Almost all Arab media outlets lead off with coverage of former Egyptian president Hosni Mubarak’s imminent release from federal prison. Mubarak, who ruled Egypt for over 30 years but served the past 28 months in prison on an array of corruption and murder charges, is expected to return home today, where he will be placed under house arrest indefinitely.
An analysis of Mubarak’s legal situation by the Dubai-based media channel Al-Arabiya states that while Egypt’s former strongman was sentenced to life in prison last year for the killing of protesters during the 2011 Egyptian uprising, his successful appeal calls for a retrial.
Since he has now served the maximum amount of pre-trial detention permitted under Egyptian law, the court had no choice but to release him.
The ruling came following a hearing on charges that Mubarak received illegal gifts from the state-run publisher Al-Ahram. The court’s decision became final when the state prosecutor decided not to appeal the decision.
According to the Doha-based media network Al-Jazeera, Mubarak’s release may be permanent. A retrial may still happen. Since Egypt is now being ruled by the nascent military government according to emergency law, Mubarak will be placed under a complete travel ban as well.
Regardless, Western governments and supporters of the Muslim Brotherhood alike are viewing the imminent release as a reminder that Egypt’s government is reverting back to a Mubarak-style military dictatorship under Defense Minister Abdel-Fattah el-Sissi.
The London-based pan-Arab daily Al-Hayat reports that although the Muslim Brotherhood has put a halt on mass protests over the past few days as their leaders get rounded up and arrested, Mubarak’s release may be a trigger for a violent Islamist reaction.
As a result, the Egyptian government is trying to downplay the significance in any way possible. The Cairo-based Al-Masry Al-Youm newspaper, a government-run daily that is hostile to the Muslim Brotherhood, did not publish any stories on Thursday about Mubarak’s release from prison. This was most likely a decision that came from above that was designed to avoid inflaming the masses.
The degree of censorship of journalists and the intimidation of opponents to the current Egyptian government is staggering. Former Egyptian vice president Mohammed ElBaradei, a major proponent of former president Mohammed Morsi’s ouster, who resigned following the military’s assault and killing of Muslim Brotherhood protesters over the past few weeks, remains in Europe due to fears that he may be jailed for political reasons if he returns.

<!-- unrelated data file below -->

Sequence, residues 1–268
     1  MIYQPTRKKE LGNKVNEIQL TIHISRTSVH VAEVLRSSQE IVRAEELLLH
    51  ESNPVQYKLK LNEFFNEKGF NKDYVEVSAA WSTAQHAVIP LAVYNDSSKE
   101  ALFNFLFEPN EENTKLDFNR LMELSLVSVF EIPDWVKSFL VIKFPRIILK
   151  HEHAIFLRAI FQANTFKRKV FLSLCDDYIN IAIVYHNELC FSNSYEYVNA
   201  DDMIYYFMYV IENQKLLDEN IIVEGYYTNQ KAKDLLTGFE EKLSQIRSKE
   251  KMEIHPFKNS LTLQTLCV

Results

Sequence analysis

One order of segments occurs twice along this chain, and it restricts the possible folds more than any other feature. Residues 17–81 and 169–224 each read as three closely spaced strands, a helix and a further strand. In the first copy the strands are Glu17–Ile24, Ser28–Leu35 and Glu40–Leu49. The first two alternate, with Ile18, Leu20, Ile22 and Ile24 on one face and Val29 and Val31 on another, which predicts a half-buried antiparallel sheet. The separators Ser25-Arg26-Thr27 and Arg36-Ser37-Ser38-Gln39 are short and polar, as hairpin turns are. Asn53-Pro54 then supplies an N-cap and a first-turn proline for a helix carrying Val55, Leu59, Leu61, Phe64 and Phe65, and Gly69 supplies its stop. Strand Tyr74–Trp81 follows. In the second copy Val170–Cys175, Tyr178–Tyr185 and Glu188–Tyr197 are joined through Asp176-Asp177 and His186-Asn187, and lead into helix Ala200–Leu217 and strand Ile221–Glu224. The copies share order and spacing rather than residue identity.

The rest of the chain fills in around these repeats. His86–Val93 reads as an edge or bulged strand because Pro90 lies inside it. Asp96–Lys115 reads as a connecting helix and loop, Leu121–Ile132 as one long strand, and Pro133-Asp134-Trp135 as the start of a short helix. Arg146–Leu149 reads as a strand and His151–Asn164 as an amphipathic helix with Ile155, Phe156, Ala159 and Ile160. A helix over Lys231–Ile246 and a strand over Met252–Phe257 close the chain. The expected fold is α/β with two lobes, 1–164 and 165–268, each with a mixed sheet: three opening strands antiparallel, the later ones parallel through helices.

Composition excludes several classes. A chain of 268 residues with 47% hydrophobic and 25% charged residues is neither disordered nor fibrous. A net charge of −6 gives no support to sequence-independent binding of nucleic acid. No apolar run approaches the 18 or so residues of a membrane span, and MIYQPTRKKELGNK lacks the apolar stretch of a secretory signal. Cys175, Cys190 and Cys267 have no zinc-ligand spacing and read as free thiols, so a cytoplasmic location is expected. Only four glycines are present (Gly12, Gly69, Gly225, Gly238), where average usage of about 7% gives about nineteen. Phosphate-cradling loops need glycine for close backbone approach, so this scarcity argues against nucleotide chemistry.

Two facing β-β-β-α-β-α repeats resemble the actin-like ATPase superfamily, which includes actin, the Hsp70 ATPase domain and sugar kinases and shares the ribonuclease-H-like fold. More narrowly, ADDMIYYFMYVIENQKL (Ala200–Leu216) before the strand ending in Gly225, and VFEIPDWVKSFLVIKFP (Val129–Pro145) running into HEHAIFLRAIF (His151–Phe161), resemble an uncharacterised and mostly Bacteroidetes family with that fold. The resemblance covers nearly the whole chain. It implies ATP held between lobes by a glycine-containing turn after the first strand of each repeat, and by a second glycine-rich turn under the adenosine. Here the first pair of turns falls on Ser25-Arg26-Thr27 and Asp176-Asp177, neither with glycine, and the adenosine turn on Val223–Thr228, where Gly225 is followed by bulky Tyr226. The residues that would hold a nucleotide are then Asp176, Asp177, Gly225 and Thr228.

Al-Masry Al-Youm does feature headline stories accusing ElBaradei of “being on an official mission to divide Egypt.” An op-ed bashes Al-Jazeera for biased reporting in favor of the Muslim Brotherhood and calls for all Al-Jazeera journalists to be stripped of their credentials.
One newspaper that routinely expresses its disgust with the conduct of the new administration is the London-based Al-Quds Al-Arabi. In an editorial entitled “The coup was a coup!” the paper decries that “while we expected the military to repress the people, we did not imagine that it would reach the degree of brutality that it has.”
“Now after having implemented this coup, the massacres occurring now in Egypt are unprecedented in the history of nations. The media machine affiliated with the Mubarak regime is lying to the world and has been working for the past two years to demonize the moderate Muslim Brotherhood.”
Not surprisingly, op-ed writers in A-Sharq Al-Awsat, a publication owned by Saudi Arabia, the main backer of Egypt’s military government, disagree entirely with that assessment. In a piece called “What happens in Egypt decides the fate of the Arab world,” Huda al-Husseini emphasizes that the Muslim Brotherhood brought total catastrophe on Egypt and anyone who thinks Islamists stand for democratic values are living in a dream world.
“When the army overthrew Muslim Brotherhood rule, Egypt was on the brink of famine,” she asserts. “The majority of the poor were barely living and the supply of bread was in danger. Saudi Arabia, the UAE, and Kuwait pumped in enough money to spare Egypt a humanitarian catastrophe while Washington was preoccupied with a way to save the Morsi government.”
“Members of the Muslim Brotherhood are not moderate at all. They burn Coptic churches and property in an effort to turn this conflict into a sectarian issue. Morsi’s government marginalized all minorities, young people, and the secular. Washington’s version of democracy in the hands of the Brotherhood was turning Egypt into a totally disassembled state. A majority of Egyptians are appreciative that the army took over and is rooting terrorist filth from the country.”